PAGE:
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Pierre McGuire on M&M: Penguins ‘were stunned more than quit’
Posted By Jerry Spar On June 4, 2013 @ 12:07 pm In General | 2 Comments
NBC Sports hockey analyst Pierre McGuire checked in with Mut & Merloni on Tuesday morning to break down the Bruins’ 6-1 victory over the Penguins in Game 2 of the Eastern Conference finals.
The Penguins have been the harder-hitting team in the first two games, but the Bruins have dominated on the scoreboard. McGuire said the Pens are making the same mistake they did a year ago, altering their style to try to match a more physical opponent.
“They didn’t learn their lesson from last year against Philadelphia. They tried to do the same thing with Philadelphia last year and they got banged out,” McGuire said. “You saw the frustration with [Sidney] Crosby, you saw the frustration with [Evgeni] Malkin, you saw the frustration with [Kris] Letang. You’re seeing a lot of the same stuff right now.
“[Penguins general manager] Ray Shero tried to address it. That’s why he brought in Brenden Morrow, that’s why he brought in Jarome Iginla, that’s why he brought in Jussi Jokinen, that’s why he brought in Douglas Murray — older players that can maybe stabilize situations if there were negative times in a playoff run. It hasn’t worked so far in this round. We’ll see.
“This is my one caveat to everybody: I did the last series between Detroit and Chicago, and there was so much frustration on the Chicago side of things [when the Blackhawks were down 3-1] it was unbelievable. They were melting down before everybody’s eyes. And then they just role-reversed it and eventually won the series. Anything can happen. But the Bruins have really earned to be in this position. They really merit where they are right now.”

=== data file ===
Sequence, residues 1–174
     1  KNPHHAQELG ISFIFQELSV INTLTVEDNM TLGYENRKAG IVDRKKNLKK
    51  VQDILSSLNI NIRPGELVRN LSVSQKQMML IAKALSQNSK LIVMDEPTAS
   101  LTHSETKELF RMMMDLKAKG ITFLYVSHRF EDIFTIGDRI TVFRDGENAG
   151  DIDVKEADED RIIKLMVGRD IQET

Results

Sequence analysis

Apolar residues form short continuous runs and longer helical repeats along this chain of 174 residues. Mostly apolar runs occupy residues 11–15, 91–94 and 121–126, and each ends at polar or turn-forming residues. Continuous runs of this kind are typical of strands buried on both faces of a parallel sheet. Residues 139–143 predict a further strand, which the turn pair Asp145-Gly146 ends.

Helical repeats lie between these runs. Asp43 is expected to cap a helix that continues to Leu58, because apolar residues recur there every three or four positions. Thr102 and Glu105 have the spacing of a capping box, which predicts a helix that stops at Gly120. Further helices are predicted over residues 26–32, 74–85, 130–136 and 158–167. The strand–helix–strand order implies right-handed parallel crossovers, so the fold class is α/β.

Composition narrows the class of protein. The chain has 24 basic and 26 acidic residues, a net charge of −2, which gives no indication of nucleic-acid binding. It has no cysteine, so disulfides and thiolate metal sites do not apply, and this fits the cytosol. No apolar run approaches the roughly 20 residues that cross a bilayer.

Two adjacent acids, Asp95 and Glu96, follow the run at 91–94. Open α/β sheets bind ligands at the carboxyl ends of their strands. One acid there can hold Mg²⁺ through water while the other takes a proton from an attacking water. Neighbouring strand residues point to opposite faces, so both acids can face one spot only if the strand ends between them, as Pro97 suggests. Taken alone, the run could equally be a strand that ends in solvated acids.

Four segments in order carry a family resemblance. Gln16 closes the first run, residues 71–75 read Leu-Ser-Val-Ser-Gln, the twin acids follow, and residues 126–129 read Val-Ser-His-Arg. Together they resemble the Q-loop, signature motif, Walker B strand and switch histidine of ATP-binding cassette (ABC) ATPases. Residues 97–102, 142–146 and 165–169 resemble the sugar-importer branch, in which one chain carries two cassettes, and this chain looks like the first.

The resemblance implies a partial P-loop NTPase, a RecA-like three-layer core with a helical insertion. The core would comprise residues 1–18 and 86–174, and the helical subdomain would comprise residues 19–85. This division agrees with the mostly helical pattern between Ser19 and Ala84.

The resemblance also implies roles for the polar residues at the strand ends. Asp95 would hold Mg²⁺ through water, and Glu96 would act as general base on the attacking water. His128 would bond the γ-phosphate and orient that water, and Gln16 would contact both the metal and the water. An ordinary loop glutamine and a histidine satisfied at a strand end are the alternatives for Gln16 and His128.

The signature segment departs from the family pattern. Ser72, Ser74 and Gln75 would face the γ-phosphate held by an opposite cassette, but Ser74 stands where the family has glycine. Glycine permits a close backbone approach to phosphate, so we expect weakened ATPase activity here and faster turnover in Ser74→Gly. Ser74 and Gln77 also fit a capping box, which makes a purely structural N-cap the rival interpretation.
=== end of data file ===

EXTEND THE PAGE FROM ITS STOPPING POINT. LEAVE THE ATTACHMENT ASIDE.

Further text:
While the Penguins have shown a lack of focus and discipline, the Bruins appear to be playing with more intensity.
Said McGuire: “There’s a heart there, there’s a soul there. There’s a Bruin passion. … There’s a lot to be said about the character of the city of Boston, about the players that represent the city of Boston and about the fans that go to the games there and watch the games. There’s a lot to be said. I think emotion matters a lot in our sport, and there’s a lot to be said about ‘Boston Strong.’ ”
The Penguins fell behind 28 seconds into the game when Brad Marchand took a loose puck from Crosby and scored a breakaway goal. The Penguins appeared to lack a cohesive effort after that, and McGuire said it was because of how quickly the Bruins broke through.
“I think they were stunned more than quit. I think they were absolutely stunned,” McGuire said. “They took a huge right cross right to the face and they didn’t know how to respond. When Marchand scored to start that game in the first shot on goal, and then he scored in the last minute [of the opening period] with the quick snap shot, that was quick-strike offense beyond belief. And I think Pittsburgh was stunned after the first period. They had no response. Because in the second period there was nothing there. And in the third period there was absolutely nothing there.